In matches, when you "Execute" another player you get supplies, and at the end of a game your parts are also converted into supplies. These supplies are what help your "Faction" survive. The more supplies you get, generally the bigger your faction will grow, and consequently the more supplies you will need to keep everyone alive. At the end of 12 weeks (each game is one day), if your faction survives that long, you get a new symbol beside your level.
This is quite a good way to progress through the game, but one thing that would help improve would be to add medals or specialised ranks for reaching certain standards consistently. For example, in the current ranking system, you will often find people who are around level 100 who will be much better teammates and perform much better in-game than some 900+ levels (this isn't always the case, of course).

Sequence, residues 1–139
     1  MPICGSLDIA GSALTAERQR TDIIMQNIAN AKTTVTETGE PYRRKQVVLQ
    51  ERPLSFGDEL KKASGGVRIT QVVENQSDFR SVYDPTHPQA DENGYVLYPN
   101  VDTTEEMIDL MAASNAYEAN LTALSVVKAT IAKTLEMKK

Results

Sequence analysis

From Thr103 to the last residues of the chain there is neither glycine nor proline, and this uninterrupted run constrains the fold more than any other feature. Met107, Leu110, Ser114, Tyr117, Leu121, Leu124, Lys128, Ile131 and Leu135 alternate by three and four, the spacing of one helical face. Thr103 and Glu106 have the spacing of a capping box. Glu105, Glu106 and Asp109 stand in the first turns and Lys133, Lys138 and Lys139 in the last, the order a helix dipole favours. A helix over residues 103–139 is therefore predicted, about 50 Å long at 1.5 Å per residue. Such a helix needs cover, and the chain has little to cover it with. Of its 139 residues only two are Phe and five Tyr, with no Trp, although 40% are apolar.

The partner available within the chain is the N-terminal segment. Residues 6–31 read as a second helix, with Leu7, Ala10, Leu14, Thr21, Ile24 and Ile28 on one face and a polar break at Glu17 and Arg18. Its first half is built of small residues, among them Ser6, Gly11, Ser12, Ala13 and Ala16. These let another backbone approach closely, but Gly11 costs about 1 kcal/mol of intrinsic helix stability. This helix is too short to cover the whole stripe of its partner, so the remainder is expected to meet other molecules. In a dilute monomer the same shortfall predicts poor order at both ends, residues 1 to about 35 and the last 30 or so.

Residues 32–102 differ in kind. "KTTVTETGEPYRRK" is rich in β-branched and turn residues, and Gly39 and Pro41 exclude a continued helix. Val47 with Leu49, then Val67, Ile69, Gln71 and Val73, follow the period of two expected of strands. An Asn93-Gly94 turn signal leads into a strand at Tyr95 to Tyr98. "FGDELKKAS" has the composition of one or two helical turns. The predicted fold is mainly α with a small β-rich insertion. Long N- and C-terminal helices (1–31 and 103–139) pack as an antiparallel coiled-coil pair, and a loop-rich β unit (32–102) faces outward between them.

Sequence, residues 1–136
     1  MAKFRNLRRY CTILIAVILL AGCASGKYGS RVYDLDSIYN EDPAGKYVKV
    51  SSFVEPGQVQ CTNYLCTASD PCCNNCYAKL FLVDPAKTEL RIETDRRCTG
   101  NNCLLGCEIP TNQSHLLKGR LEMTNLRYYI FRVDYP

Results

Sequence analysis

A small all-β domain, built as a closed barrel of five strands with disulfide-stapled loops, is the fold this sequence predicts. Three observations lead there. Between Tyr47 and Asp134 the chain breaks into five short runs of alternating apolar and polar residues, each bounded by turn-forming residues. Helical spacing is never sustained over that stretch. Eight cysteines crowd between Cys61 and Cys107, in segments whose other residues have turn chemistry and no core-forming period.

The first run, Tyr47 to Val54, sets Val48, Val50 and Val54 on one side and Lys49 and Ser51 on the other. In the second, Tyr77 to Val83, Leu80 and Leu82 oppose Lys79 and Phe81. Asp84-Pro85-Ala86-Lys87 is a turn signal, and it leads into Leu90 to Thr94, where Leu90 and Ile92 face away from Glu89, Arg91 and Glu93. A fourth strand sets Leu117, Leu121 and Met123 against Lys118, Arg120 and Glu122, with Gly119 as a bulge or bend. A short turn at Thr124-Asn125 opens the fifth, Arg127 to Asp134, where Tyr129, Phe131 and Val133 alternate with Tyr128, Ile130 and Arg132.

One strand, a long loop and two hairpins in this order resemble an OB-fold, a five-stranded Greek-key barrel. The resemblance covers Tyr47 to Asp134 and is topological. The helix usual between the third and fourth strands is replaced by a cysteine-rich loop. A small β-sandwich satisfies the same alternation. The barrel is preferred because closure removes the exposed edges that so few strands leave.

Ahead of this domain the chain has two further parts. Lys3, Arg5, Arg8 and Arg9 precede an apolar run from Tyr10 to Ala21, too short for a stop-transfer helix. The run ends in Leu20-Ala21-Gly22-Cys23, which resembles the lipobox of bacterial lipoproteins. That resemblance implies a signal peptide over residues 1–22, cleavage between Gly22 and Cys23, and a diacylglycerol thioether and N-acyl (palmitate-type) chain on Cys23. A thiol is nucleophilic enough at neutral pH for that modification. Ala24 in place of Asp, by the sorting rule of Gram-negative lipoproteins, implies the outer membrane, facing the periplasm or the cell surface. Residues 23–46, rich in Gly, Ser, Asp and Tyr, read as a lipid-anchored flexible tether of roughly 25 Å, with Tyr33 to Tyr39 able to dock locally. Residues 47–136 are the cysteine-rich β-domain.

It would also be very good to have a competitive side, where people are split into their levels and competitive league and can progress by winning games, for example you would start of in Bronze and work your way up to Diamond (or something similar).
7. Overall Gameplay Mechanics
The Last of Us Multiplayer Factions brings a completely unique aspect to the table, in terms of online play. It has a more rugged and authentic feel than games such as Call of Duty or Battlefield, and it can bring you into the moment -- where you are really trying to stay alive, to scavenge for parts and complete the objective -- and that, in my opinion, is fundamental to its success.
It generally involves a slower pace of gameplay, with players usually being quite careful and not rushing, although you do sometimes get eager teams who like to rush in and have an all guns blazin' battle, especially in the respawn game modes -- and it should stay like that.
What do you think needs to be changed in Factions for TLOU Part 2? Do you agree with what I have suggested here? Let me know in the comments below!